TL;DR: I feel like the consensus ruleset should be as minimal as possible (keep it simple, stupid). Transaction fee management does not, IMO, come anywhere near passing the high bar of necessitating consensus enforcement. In fact, I would view such attempts as harmful to the network.

Interesting, but Not Convinced: Different Fee Treatment Based on UTXO Consolidation/Coin Days Destroyed Behavior

I agree that there is value to the network in consolidating UTXOs. I can also see the argument for discouraging “high velocity” usage of the blockchain, though I don’t subscribe to that point of view. Due to the added complexity that these sorts of policies add to the code and the potential for abuse (e.g., spamming the network by creating and then consolidating massive numbers of otherwise un-economic UTXOs becomes possible, and perhaps even cheap for someone with a lot of BCH who can slowly cycle groups of coins to take advantage of both UTXO consolidation and CDD subsidies) I’m skeptical of the need for or wisdom of such policy.

TL;DR: My default position on these is to oppose the added code/system complexity since I don’t yet see the benefits clearly outweighing the risk.

Great User-Configurable Setting: mintxfeerelay

I am all for individual node operators being able to set their own minimum transaction fee relay. I understand that this potentially leads to problems with low-fee transactions not getting relayed and hurts zero-conf security, but I think the tradeoff is worth it and further believe that it should always be a user’s choice in how altruistic they wish to be when running a node. The ability for node operators to manually change this setting on their nodes could also help them and the network avoid a DoS attack scenario where an attacker starts spamming 0-fee, unconfirmed transactions (especially now that there’s no unconfirmed chained tx limit).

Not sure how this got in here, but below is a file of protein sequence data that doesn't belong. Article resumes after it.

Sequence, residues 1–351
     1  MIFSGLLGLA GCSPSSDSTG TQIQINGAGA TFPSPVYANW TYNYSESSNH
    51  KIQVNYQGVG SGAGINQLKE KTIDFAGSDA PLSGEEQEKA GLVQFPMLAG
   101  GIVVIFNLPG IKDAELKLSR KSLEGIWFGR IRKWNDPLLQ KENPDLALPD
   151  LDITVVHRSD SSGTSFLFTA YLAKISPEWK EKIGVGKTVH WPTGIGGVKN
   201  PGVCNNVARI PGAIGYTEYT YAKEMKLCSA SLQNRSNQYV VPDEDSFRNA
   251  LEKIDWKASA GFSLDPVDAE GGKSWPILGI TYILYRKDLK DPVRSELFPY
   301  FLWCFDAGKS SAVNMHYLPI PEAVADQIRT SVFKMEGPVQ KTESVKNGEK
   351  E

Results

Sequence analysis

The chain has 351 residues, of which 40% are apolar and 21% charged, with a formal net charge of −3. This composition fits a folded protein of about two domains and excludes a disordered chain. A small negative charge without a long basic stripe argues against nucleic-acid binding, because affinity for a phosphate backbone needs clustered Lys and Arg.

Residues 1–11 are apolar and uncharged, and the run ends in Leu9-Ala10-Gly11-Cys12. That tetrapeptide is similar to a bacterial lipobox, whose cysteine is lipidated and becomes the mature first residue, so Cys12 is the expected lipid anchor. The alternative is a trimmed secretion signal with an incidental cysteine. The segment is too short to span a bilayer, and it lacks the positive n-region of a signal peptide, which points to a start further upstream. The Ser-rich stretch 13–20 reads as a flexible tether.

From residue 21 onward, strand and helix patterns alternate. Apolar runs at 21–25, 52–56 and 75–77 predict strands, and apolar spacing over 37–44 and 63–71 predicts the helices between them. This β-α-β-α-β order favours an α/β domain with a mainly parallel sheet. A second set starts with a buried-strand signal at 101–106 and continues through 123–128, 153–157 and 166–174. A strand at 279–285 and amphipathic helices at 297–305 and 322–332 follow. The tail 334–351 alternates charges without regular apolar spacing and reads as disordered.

The zero-conf security issue is the biggest problem with relaying only transactions with a certain level of fees. However, I agree with freetrader that it is alleviated if not eliminated, by Double Spend Proofs.

TL;DR: I like user-configurable minimum transaction fee relay settings and think that DS Proofs eliminate the best argument for removing this from nodes/user configurability.


I assume that when you say “forcing miners to float fees,” you’re referring to the idea of having miners set their own fee schedules and broadcasting them somehow (such as in blocks they mine), but I’m not sure. I don’t see how a jungle of desynchornized fee policies is any worse when it’s explicit (as in the suggestion to broadcast fee schedules) vs. implicit (as is already the case today). We already have mining pools which don’t mine any transactions, and there is absolutely nothing from stopping miners from setting their own minimum transaction fee policies right now. All I advocated for in my first post was creating an ability for miners to communicate policies which they either already have or will likely have in the future.

I also question the idea that there will ever be a “jungle” of desynchronized fees. As I said further up in my comment, I believe that miners will behave more and more like a cartel where it comes to block acceptance as transaction fees replace coin emissions as their primary source of revenue. Transaction fees are just a price like any other, and prices from disparate parties tend to converge even when they are not centrally planned.


I assume that when you say “forcing miners to float fees,” you’re referring to the idea of having miners set their own fee schedules and broadcasting them somehow (such as in blocks they mine), but I’m not sure.